The stamp duty holiday has sent the property market into overdrive, with house prices and sale figures soaring, but is it too late to make a big saving when buying a home?
The current tax break is set to wind down from 1 July, but buyers in England and Northern Ireland will still be able to make stamp duty savings right up until the end of September.
Here, Which? explains how stamp duty rates will change from next month, and offers advice on whether now is a good time to buy a home.
What is the stamp duty holiday?
Last July, the government temporarily introduced higher stamp duty thresholds in a bid to get the property market moving after the first Covid-19 lockdown.
The changes enabled buyers in England and Northern Ireland to benefit from a £500,000 tax-free threshold, up from £125,000 for existing homeowners or £300,000 for first-time buyers.
In practice, this meant that a home mover buying a property for £500,000 or more would save £15,000 on the usual stamp duty bill.
- Find out more: government extends stamp duty holiday
When does the stamp duty holiday end?
The stamp duty holiday ended on 31 March in Scotland, and Wales will follow suit on 30 June.
In England and Northern Ireland, the tax break will be tapered rather than ending completely.
On 1 July, the temporary £500,000 threshold will be cut to £250,000 until 30 September, after which the usual thresholds will be reinstated.
This means buyers in England and Northern Ireland will still have the chance to make savings if they buy a home before the start of October.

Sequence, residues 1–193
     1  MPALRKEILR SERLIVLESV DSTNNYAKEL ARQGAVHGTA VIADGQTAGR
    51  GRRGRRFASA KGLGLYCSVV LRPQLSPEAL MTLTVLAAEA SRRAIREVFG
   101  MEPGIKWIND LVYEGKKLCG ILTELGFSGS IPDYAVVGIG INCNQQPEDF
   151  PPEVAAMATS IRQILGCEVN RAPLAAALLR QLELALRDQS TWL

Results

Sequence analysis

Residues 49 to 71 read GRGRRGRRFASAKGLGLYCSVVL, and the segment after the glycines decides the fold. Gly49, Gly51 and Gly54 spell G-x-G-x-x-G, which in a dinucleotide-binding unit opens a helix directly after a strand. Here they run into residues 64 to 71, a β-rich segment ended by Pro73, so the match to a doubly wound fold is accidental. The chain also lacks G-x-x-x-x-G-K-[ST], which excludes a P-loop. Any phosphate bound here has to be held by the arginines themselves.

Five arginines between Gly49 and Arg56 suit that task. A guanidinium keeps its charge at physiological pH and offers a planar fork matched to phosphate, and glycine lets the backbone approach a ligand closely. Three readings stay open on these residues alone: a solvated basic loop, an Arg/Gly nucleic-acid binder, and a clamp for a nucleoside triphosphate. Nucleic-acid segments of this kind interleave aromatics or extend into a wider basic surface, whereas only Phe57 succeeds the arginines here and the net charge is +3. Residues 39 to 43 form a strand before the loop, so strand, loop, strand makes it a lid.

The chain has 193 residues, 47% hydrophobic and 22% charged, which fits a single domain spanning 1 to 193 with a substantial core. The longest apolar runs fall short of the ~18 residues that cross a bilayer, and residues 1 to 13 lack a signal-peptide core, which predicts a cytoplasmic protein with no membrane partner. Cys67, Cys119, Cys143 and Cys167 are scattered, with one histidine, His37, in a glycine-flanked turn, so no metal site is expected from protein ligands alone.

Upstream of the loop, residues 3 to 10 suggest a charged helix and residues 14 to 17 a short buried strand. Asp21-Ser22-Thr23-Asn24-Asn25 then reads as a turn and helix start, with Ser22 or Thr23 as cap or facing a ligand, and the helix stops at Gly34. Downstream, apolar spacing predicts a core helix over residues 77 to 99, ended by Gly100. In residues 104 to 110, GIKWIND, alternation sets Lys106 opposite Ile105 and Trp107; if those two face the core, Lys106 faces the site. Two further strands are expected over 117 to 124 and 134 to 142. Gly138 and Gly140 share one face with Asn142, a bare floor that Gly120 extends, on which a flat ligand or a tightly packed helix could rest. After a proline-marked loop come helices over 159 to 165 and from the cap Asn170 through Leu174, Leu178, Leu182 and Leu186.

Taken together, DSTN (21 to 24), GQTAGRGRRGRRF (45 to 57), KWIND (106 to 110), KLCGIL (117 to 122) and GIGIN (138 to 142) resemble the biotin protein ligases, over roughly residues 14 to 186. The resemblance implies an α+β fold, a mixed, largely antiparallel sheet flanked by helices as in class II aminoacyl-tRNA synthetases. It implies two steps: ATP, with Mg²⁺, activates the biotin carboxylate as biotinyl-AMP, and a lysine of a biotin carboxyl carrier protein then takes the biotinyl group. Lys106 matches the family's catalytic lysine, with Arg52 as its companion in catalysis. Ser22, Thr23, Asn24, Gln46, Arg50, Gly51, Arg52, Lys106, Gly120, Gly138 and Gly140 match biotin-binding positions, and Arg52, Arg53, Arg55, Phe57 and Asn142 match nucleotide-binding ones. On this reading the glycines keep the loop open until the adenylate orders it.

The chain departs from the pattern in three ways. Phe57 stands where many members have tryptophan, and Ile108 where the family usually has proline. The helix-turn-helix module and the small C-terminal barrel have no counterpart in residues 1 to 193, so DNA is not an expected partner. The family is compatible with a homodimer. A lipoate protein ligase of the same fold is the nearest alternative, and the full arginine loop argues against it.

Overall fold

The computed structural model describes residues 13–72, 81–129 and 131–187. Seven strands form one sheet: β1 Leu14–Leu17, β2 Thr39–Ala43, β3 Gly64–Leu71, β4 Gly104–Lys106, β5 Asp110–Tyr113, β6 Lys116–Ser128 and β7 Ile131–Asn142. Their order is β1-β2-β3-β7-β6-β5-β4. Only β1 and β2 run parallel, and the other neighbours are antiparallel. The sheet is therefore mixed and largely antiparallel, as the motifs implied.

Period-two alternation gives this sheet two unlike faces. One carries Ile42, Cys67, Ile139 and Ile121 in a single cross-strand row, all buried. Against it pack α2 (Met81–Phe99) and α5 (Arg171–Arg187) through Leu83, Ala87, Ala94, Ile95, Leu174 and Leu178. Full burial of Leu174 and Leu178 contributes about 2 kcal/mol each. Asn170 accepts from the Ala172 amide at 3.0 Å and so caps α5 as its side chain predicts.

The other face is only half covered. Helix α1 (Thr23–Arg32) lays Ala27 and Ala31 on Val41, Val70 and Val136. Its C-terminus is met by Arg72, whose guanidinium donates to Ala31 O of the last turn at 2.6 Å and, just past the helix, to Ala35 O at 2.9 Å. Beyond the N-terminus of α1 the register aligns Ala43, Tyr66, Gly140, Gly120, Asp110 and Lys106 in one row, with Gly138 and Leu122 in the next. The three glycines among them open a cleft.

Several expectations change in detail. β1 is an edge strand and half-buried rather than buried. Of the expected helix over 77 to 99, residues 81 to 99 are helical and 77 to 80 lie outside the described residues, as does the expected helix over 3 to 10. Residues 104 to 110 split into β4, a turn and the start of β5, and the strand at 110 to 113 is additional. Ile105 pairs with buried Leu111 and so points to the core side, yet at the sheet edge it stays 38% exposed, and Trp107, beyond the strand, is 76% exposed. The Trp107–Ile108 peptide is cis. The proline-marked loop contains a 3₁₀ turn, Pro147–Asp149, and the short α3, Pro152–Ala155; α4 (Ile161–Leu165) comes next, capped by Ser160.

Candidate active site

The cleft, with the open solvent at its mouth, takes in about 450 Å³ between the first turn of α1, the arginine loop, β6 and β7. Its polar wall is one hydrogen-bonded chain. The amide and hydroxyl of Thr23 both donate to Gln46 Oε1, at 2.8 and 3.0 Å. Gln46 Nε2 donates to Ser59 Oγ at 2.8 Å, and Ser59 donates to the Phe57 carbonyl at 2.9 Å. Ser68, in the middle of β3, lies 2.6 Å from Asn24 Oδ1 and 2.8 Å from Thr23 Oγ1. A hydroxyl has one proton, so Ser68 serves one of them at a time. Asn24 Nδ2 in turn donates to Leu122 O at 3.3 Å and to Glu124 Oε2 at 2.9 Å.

How much will I save if I buy before 30 September?
Unless you’re currently in the process of exchanging contracts, it will be near-impossible to get a house purchase over the line before the end of June and benefit from the biggest savings.
You may, however, have a chance of completing before the end of September.
The reduced £250,000 threshold between July and September offers savings of up to £2,500 for home movers.
The table below shows how much you’ll need to pay in stamp duty when buying a home in England or Northern Ireland.
|Property price||Up to 30 June (£500,000 threshold)||1 July to 30 September (£250,000 threshold)||1 October onwards (£125,000 threshold)|
Use our stamp duty calculator
If you’re considering buying a home and want to know how much you’ll need to pay in tax, you can use our stamp duty calculator below.
How will the changes affect first-time buyers?
First-time buyers in England and Northern Ireland won’t make any tax savings once the threshold is reduced to £250,000 on 1 July.
That’s because people buying their first home already benefit from a stamp duty threshold of £300,000, which was introduced in 2017.
This allowance means most first-time buyers already don’t pay any stamp duty, unless they’re buying homes in more expensive areas.
Data from the Land Registry shows first-time buyers in England pay an average of £228,000, well below the £300,000 tax threshold.
- Find out more: how to buy your first home
How has the stamp duty holiday affected the market?